If you're a parent about to — or even considering the possibility of — divorce, the biggest issue on your mind is likely your children and how ending your marriage may affect your relationship and parenting time with them. Divorce brings many stressful changes, from financial to emotional and more, but for divorcing parents, the most worrisome matter of all is typically child custody.
One strategy that may provide some peace of mind is familiarizing yourself with New Jersey's child custody laws even before you start trying to work out a parenting arrangement with your ex. While most of New Jersey's child custody statutes are similar to those of other states, there are a few differences that you may wish to note.
In New Jersey, family courts generally prefer that both parents remain an active participant in their children's lives, excepting extreme cases of abuse or neglect, of course. To this end, many prefer to presume shared or joint custody from the outset of proceedings. However, custody may take the form of one of several varying arrangements, including:
- Your children living primarily with one parent but alternating time spent with both, depending on your children's needs as well as the needs and circumstances of you and your ex
- You and your ex collaborating when making major determinations for your children's medical and educational decisions
- One parent having sole custody while courts grant the non-custodial parent an appropriate amount of time with the children
Courts generally make child custody decisions based upon what they deem to be in your children's best interests, so even though they prefer joint custody arrangements, there are a number of variables that go into making the determination.
Custody determination factors
Typically, the factors that will affect your child custody determination in New Jersey include:
- Any existence of domestic violence, both within the family and historically
- The overall stability of each home environment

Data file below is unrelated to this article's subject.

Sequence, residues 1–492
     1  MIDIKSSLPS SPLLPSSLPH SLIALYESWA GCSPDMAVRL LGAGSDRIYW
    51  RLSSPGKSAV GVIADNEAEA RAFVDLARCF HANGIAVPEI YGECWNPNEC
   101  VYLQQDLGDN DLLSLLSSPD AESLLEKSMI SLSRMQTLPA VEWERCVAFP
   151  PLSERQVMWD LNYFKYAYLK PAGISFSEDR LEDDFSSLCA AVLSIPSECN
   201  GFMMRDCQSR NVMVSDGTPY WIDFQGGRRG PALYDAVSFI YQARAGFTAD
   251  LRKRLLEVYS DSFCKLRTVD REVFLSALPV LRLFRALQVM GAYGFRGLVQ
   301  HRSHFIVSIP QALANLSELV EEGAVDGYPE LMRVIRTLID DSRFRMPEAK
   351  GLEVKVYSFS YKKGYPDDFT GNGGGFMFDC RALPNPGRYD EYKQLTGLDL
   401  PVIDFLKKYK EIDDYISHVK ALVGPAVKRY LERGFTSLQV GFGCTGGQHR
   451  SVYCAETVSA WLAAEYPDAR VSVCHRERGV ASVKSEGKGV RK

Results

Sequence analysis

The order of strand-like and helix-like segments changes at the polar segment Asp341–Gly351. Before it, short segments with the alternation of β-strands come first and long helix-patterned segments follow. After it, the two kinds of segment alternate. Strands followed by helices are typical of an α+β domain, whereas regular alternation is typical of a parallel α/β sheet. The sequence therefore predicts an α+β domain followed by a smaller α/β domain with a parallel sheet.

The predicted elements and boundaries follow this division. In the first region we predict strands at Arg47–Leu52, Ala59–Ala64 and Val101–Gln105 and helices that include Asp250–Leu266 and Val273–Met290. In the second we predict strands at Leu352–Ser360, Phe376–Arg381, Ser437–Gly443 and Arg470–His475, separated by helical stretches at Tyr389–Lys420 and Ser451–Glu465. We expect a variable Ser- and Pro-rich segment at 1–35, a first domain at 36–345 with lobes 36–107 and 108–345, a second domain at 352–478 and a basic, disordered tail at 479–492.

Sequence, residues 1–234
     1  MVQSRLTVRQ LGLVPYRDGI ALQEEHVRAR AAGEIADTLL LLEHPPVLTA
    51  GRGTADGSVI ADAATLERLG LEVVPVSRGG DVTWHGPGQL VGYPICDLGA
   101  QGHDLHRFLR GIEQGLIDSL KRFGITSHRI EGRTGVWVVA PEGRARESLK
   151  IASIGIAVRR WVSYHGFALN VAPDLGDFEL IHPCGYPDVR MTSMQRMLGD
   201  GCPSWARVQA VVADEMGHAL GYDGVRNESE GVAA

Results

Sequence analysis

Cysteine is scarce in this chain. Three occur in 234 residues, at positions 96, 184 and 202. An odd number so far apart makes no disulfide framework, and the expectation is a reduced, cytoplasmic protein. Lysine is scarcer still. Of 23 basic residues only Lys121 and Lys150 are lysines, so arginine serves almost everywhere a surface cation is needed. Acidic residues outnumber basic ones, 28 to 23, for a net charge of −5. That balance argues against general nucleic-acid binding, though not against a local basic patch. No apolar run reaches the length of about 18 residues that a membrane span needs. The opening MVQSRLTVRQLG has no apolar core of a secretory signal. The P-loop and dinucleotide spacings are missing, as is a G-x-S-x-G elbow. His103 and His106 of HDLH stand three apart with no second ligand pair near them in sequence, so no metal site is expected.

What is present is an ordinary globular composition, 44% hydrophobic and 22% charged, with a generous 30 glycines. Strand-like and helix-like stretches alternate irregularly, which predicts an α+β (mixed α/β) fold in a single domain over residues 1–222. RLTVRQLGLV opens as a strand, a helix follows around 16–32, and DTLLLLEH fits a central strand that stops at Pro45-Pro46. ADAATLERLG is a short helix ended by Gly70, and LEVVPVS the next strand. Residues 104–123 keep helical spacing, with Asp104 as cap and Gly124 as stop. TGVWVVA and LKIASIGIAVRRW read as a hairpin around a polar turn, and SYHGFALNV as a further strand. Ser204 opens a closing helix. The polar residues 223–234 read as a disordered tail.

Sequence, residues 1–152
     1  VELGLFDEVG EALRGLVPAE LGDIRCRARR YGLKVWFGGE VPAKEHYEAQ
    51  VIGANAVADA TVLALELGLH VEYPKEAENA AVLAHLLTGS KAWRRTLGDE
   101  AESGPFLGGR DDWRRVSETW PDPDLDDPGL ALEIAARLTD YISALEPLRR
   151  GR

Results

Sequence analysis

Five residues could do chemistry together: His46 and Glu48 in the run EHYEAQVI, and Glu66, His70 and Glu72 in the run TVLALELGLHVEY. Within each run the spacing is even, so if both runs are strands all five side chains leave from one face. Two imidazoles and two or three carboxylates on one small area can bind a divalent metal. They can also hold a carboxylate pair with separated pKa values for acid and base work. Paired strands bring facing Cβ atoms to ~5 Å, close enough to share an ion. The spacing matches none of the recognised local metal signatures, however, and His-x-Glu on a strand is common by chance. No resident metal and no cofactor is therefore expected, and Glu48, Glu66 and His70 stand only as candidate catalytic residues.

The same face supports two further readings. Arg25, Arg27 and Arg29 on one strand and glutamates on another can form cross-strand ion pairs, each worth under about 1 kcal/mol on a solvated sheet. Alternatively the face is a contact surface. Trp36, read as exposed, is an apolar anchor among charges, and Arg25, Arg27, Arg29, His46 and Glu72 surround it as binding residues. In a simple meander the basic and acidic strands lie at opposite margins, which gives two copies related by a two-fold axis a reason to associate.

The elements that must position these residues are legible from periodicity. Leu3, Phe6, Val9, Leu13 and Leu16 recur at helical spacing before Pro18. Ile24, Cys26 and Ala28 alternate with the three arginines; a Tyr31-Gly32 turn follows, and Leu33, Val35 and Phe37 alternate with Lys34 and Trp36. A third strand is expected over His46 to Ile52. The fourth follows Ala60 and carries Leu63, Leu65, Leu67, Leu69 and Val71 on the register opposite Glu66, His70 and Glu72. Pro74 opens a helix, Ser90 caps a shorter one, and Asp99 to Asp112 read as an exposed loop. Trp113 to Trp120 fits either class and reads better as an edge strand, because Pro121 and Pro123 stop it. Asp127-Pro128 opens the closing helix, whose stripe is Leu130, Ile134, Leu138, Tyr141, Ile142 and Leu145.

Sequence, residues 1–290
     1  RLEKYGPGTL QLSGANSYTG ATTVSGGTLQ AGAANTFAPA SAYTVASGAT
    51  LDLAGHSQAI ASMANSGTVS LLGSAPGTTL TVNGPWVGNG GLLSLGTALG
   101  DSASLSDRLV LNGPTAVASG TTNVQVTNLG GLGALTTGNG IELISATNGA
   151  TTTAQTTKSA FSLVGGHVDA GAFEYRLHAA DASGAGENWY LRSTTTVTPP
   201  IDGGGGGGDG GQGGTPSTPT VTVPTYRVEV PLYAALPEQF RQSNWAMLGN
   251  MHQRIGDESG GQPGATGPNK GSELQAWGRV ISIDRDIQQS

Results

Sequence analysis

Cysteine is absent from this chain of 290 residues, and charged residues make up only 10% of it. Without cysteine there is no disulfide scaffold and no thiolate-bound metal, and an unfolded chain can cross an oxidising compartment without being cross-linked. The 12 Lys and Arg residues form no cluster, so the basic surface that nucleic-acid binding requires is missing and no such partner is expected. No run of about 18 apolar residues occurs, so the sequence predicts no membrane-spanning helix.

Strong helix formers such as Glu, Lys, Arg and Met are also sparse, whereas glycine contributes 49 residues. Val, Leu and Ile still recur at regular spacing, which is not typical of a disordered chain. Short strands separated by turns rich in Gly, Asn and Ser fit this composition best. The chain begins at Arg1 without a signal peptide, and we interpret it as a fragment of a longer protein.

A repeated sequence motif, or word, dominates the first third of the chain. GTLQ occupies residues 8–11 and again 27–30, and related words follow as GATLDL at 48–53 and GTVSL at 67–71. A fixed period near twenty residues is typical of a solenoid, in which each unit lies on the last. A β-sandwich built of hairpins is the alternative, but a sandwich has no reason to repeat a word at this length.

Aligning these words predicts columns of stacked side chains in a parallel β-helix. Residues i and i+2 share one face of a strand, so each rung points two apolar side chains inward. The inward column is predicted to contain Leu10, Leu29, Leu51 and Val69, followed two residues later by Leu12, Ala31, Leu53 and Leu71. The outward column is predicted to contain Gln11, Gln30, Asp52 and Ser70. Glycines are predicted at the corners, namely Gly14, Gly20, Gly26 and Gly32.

- Both you and your ex's readiness to accept court-appointed custody arrangements
- You and your ex's willingness to cooperate and communicate with each other on issues relating to the best interests of your children
- The quality of each child/parent relationship
- Each parent's overall ability to care for the children
- The location and proximity of your home and that of your ex
- Your children's ages
- How many children reside in each home, especially if some are from another relationship or marriage
- Your children's stated preference if they are over age 12 and competent to make such a decision
- Any unique needs any of your children may have, especially medically, psychologically or emotionally documented ones
Typically, New Jersey courts will approve a parenting plan that you and your ex draft and agree on, unless they deem the requested custody arrangement does not serve the needs of your children. In more complicated cases, such as if you and your ex are unable to reach an agreement, the court may require each of you to separately submit your own custody proposals and they will take both into consideration before making an official determination.
Whether you and your ex have difficulty reaching a child custody agreement or if you both are able to set aside your differences when it comes to figuring out a parenting plan, you'll likely find the guidance of an experienced Jersey City family law attorney invaluable in hammering out the details. With skilled guidance, both you and your children will soon be on your way to a more stable future.